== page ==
Movie Review: OCULUS

PrintE-mail Written by Katherine McLaughlin

REVIEW: OCULUS / CERT: 15 / DIRECTOR: MIKE FLANAGAN / SCREENPLAY: JEFF HOWARD, MIKE FLANAGAN / STARRING: KAREN GILLAN, BRENDON THWAITES, KATEE SACKHOFF / RELEASE DATE: JUNE 13TH

A grim, gory and unsettling suburban horror which reaches into the depths of human fear to reveal only darkness, director Mike Flanagan's new film traverses similar ground to his previous feature Absentia, looking to past trauma and familial relationships for inspiration once again with a disturbing tale revolving around a grand and ominous Bavarian black cedar mirror.

Though the crux of what Oculus is dealing with is genuinely upsetting – abuse, infidelity and mental illness – Flanagan remembers to have a sense of humour towards the start of the film before it gets into truly distressing territory. He presents a brother and sister wildly at odds with each other when it comes to their family history, who prod and poke at one another like a highly strung Mulder and Scully. Karen Gillan delivers exposition at an exponentially fast rate as Kaylie, the Mulder type with strong beliefs. Tim blames the deterioration of family circumstances on his father doing awful things whilst Kaylie believes supernatural phenomena are to blame. A cursed mirror that Kaylie has tracked through time to prove her theory provides the menacing centre to which they gravitate, as they undertake an experiment eleven years after tragedy pulled them apart at their family home, with Flanagan switching between time frames, looking to both the past and the present of the siblings for clues.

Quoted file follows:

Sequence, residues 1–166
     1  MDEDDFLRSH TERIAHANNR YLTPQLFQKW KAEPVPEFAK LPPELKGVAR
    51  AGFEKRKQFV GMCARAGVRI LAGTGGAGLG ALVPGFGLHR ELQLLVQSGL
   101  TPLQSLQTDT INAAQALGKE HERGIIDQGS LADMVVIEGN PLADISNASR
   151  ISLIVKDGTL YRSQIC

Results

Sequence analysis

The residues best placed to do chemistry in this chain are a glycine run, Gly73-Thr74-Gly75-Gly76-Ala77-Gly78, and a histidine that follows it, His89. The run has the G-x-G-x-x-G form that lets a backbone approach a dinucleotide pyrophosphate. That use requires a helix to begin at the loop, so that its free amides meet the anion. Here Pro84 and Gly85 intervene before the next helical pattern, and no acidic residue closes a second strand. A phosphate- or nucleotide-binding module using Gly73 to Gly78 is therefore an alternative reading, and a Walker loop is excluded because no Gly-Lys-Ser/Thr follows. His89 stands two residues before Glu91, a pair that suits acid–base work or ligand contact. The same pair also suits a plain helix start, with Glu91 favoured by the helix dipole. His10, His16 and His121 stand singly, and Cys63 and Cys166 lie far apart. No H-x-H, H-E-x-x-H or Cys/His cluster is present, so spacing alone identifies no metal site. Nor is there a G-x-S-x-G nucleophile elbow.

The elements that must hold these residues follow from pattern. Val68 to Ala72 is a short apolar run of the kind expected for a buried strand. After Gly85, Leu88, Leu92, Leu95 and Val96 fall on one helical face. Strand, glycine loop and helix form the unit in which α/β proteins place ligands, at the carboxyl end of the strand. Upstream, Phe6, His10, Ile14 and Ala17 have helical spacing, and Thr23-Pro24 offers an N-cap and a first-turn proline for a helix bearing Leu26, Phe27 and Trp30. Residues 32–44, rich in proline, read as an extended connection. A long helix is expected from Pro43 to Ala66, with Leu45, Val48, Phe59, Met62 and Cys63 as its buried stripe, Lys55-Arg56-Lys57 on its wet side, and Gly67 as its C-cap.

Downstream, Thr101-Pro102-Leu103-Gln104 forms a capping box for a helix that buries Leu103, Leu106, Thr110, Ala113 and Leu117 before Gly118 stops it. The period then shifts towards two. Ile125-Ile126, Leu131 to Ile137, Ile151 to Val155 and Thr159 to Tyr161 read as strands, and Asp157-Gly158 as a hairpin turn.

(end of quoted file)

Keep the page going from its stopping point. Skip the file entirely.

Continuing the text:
The Shining is a big influence here, with a father locked up in his office working, and the confined location of the family home being where most of the terrorising takes place. Flanagan uses grotesque visuals sparsely, relying on the relationship between siblings Kaylie and Tim to be the arena for the horrifying events that play out. Given that both are inclined to a distorted view of reality, you’re never quite sure of what’s real or what's not, but either way you choose to interpret it, it's grisly.

Disorientating fever pitch is reached by the end as the two timelines intertwine thanks to neat editing and crisp sound effects (the crunch of glass in one scene being particularly effective). With solid performances – especially from Katee Sackhoff and newcomer Annaise Basso – and compelling subject matter, Oculus is a suspenseful, tight and wonderfully executed horror which proves Flanagan’s flair for the genre and marks him as exciting talent to watch.

Expected Rating: 6 out of 10

Actual Rating:


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